- Spread preserves on it and place the plain cake on top
- Spread preserves on plain cake and place the other blue cake on top
- Freeze for 1 hour to set jam
- Spread melted chocolate on top and on sides – chill for 30 minutes to set
- Flip cake onto another piece of parchment paper and spread chocolate on the other side – freeze for at least one hour
- While still frozen, slice cake into 1 ½ inch logs and slice logs into individual ½ inch cookies. Allow cookies to defrost before serving
Simple, yet elegant, dignified and proud. Much like the vibe in her hometown of Strasbourg, this is how I remember my grandmother Greta.
Alsatian Tarte a L’Oignon
Alsace-Lorraine, this very special region in eastern France (on the border of Germany), has been under French control since 1946. However, over the years, France and Germany have repeatedly alternated control over the region. The result of all this political turmoil is a very unique blending of the French and German cultures. Charming architecture reminiscent of Hansel and Gretel combines with French language and sensibilities.
Nowhere is this mélange more striking than in the food. Set against the backdrop of a beautiful wine country producing seven different grapes (Sylvaner, Pinot Blanc, Riesling, Muscat d’Alsace, Pinot Gris, Pinot Noir, Gewurtztraminer), Alsatian cuisine incorporates rich foods balanced by the unique flavors of its wines.
One of my favorite culinary discoveries was this hearty Tarte a l’Oignon, a filling mixture of bacon, onions, eggs and cream encased in a beautiful pie crust. Paired with a Riesling or Gewurtztraminer, this recipe perfectly exemplifies how simple ingredients can be elevated.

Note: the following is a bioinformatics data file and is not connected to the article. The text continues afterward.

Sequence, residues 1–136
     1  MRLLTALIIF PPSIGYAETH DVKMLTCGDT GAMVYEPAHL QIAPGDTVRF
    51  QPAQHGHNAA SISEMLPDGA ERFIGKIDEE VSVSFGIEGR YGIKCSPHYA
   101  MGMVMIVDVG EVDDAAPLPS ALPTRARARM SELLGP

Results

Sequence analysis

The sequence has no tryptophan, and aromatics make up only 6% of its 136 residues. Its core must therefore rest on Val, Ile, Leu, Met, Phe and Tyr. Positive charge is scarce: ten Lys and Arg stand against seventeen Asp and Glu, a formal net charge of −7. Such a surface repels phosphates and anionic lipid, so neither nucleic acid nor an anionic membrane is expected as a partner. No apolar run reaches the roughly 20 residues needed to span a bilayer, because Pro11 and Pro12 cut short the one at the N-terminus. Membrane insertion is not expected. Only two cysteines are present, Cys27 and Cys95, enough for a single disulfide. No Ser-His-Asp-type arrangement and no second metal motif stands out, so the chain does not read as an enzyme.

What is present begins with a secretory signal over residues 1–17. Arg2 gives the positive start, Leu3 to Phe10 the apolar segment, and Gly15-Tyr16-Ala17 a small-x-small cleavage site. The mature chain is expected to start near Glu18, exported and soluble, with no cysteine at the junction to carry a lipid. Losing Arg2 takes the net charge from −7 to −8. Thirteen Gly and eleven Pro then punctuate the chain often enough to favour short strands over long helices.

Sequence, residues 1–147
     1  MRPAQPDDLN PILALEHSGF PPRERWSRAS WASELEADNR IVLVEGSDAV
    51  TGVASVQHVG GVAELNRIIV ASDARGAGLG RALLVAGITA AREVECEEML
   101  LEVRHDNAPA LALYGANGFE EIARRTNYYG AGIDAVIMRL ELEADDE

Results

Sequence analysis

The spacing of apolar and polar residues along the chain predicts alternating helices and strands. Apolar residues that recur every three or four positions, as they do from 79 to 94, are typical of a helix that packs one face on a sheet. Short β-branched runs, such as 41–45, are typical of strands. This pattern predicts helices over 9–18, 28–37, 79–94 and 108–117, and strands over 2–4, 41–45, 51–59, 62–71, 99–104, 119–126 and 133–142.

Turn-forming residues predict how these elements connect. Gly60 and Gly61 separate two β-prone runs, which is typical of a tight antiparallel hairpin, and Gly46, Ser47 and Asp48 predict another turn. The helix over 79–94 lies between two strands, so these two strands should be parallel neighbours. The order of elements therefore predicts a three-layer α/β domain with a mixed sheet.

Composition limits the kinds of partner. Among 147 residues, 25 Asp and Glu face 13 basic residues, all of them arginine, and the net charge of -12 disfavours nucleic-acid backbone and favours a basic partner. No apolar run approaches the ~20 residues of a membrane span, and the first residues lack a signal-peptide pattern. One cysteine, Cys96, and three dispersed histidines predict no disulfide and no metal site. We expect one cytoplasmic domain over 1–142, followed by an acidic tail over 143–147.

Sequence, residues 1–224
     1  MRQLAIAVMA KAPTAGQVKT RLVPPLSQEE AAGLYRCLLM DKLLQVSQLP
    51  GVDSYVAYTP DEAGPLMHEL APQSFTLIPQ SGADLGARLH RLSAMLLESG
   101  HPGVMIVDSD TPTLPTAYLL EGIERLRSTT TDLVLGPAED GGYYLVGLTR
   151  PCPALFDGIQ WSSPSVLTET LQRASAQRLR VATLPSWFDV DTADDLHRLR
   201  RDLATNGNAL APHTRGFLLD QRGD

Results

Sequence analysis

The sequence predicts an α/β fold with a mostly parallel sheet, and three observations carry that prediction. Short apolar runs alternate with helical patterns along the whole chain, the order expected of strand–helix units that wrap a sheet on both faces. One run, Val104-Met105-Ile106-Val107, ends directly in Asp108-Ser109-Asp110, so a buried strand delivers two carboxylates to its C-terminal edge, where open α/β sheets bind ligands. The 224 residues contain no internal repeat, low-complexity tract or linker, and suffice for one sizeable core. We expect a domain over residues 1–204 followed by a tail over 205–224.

Enjoy this savory pie recipe with or without the bacon and remember that once you learn the basics of pie crusts here, you can make any pie you like – sweet or savory!
TARTE a L’OIGNON
1 ½ cups AP flour
¼ cup cold butter
¼ cup shortening
½ cup cold water
- Place flour on a cold work surface
- Cut cold butter and shortening into flour with a bench scraper
- Create a well in the center of the flour
- Gradually add cold water into the well and blend with the flour until it becomes a dough and holds its shape
- Refrigerate in plastic wrap for 30 minutes
- Roll out dough on a floured surface to fit a 9 inch greased pie dish
- 6 slices bacon
- 1 tbsp butter
- 7 large onions, thinly sliced
- 1 tbsp flour
- 1 cup heavy cream
- 4 eggs
- Pinch of nutmeg
- Salt and pepper to taste
- Preheat oven to 400* F
- Render bacon in a pan until crisp. Remove and drain on paper towels.
- Remove bacon fat and add butter
- Once melted, add onions, season with salt and pepper and cook for approximately 15 minutes until soft
- Off the heat, mix in flour, cream, bacon and nutmeg
- Add eggs one at a time and mix well in between
- Pour mixture into pie crust
- Bake for 40 minutes until top is browned